How and Why You Should Be Actively Diversifying the News You Read
Kirsty Vass Payne examines the influence that news we read has on our everyday outlooks and the importance of diversifying its content.
Artwork by Holly Overs (Instagram: @heovers)
In recent months we have seen the Black Lives Matter movement be propelled front and centre. Many other social justice movements have also reappeared and gained prominence all over social media and in the news. There’s a lot to be said and frankly a lot to be learnt. A key step in this process of learning is diversifying the news you are reading in order to broaden your knowledge of issues facing people across the world, and the different opinions surrounding these. This can seem overwhelming, but it’s actually been found that those who diversify their news feed end up feeling less anxious about the world we live in. What’s to lose?
Firstly, it’s vital to consider where you currently get your information about what is happening in the world from. Each source of information comes with its own issues, biases and dilemmas and offers a wildly different perspective on current affairs. Therefore, taking in a wide variety of new sources and opinions from around the world is essential to be a well-informed person and protects you from falling victim to carefully picked facts and one sided arguments.
Think about considering some of the following:
Where does your information come from: do you get it from social media, newspapers, the TV, politicians or a combination of places? Who are the actors behind these sources: who owns the news company, what are the prevailing issues in the party that your politicians are part of, what are your friends’ political views, how free is the press coverage that you’re reading?. Are the voices you're reading diverse: do they come from different backgrounds, races, countries, political stances? Most importantly, how does all of the above influence what you read? Are you simply engaging with only British sources or voices from one end of the political spectrum?
With this in mind, remember the power of social media. For many (44% of adults in the UK) social media is a main source of news. However, with strong algorithms and easily shareable and addictive posts, it comes with its pitfalls. Often, social media will show you what you want to see, so if you love left wing news, the Telegraph is unlikely to pop up (especially since you probably didn’t like it) and vice versa. The notion of fake news is often talked about, yet most believe they are not victims of it. Yet, just the other week, many people I know shared posts incorrect posts about putting Palestine back on the map. We are all susceptible.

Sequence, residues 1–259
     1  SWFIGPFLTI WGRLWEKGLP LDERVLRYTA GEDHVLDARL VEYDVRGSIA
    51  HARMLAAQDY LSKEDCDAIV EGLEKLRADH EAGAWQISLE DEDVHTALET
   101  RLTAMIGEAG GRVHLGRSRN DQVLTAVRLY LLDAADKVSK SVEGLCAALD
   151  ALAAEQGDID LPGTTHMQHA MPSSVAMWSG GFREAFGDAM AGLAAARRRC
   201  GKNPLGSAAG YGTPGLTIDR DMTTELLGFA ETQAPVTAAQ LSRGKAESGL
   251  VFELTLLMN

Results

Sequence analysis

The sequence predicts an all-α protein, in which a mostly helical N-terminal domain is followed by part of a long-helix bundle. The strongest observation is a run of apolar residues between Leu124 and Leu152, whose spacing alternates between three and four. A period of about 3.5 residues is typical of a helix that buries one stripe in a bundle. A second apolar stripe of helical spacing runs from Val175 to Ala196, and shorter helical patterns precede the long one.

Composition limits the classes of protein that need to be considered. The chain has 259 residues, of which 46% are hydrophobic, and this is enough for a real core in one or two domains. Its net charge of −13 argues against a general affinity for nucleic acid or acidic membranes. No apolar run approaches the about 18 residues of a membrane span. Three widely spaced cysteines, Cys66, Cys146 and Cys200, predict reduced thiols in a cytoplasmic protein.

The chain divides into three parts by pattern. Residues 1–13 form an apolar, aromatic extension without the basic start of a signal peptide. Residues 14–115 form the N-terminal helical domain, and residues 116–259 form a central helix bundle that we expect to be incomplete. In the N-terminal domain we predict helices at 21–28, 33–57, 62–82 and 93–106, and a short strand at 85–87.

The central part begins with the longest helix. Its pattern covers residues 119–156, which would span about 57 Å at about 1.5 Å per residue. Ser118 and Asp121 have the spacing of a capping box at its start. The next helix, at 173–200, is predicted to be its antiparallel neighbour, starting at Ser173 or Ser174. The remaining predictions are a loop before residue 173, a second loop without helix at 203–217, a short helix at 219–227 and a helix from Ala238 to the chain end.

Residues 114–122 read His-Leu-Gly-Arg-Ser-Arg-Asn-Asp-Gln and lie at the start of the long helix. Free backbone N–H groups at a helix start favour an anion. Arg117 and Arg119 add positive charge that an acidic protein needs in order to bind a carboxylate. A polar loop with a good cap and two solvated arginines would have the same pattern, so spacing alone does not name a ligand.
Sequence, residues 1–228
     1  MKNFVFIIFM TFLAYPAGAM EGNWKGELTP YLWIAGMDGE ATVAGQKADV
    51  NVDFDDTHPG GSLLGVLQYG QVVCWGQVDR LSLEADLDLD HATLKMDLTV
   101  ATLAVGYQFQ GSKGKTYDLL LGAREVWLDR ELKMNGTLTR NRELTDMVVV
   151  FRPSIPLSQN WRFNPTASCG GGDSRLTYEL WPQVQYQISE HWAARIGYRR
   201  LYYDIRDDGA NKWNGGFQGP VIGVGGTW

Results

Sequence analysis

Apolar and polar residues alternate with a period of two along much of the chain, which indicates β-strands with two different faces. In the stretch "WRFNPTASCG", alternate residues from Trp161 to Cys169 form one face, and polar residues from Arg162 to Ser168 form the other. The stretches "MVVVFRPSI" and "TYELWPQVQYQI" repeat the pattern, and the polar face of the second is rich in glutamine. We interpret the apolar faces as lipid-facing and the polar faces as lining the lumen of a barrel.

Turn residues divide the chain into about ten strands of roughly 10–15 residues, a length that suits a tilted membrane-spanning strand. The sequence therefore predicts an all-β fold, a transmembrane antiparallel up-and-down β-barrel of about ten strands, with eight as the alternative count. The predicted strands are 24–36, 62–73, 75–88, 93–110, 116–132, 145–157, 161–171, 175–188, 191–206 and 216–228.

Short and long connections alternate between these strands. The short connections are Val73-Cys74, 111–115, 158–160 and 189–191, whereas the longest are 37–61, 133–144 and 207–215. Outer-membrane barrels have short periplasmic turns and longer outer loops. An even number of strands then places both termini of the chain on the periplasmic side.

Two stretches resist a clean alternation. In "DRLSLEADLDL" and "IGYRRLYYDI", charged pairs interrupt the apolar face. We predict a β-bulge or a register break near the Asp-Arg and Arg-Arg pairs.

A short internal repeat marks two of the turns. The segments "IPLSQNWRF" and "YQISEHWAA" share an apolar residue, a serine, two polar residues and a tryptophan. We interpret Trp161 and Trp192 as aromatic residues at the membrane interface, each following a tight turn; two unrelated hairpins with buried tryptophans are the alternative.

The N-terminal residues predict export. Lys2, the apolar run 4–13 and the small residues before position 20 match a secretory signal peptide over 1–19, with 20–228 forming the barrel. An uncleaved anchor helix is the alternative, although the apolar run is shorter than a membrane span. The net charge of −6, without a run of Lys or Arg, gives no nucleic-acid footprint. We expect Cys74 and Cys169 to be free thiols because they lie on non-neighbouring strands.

However, with this in mind social media is a great tool for learning more about news otherwise neglected. It is often a source of information and gathering for new and upcoming revolutionary, protest or social justice movements that are struggling to get mainstream media attention. These sorts of accounts are worth following. Social media is a vital component of our news intake nowadays but it is fundamental that you seek out factually correct, trustworthy sources and double check these by verifying through a quick research before you believe everything you read.
In addition, social media perpetuates the modern age issues of trending topics. Everyone had thoughts and feelings on BLM in June, but by late July social media was lacking the same vigor. In order to continue your engagement with really worthwhile causes, look at following activists and organisations associated with these movements on your accounts. This will keep you up to date with the current issues facing the causes you care about and more importantly stop them falling off your radar completely once people stop sharing posts.
We all fall into habits and like to listen to voices that we sympathise with. It’s hard to choose to read articles and opinions you don’t agree with and challenge your perspective or even find new sources to trust. Yet, it’s worth it if it causes you to actively listen and learn more about the wide variety of struggles in the world and how everyone (not just the people with matching opinions) feel about them.
So, challenge yourself to seek out some different opinions on Facebook; follow an opposing newspaper; engage with foreign sources of news; listen to podcasts that host debates from both sides of the political spectrum or try to find and listen to diverse voices within causes you already follow. Simply put, actively seek out new and varied sources of news however you wish. By taking simple actions such as those mentioned above, you will broaden your awareness thereby making yourself a better force for change in the world.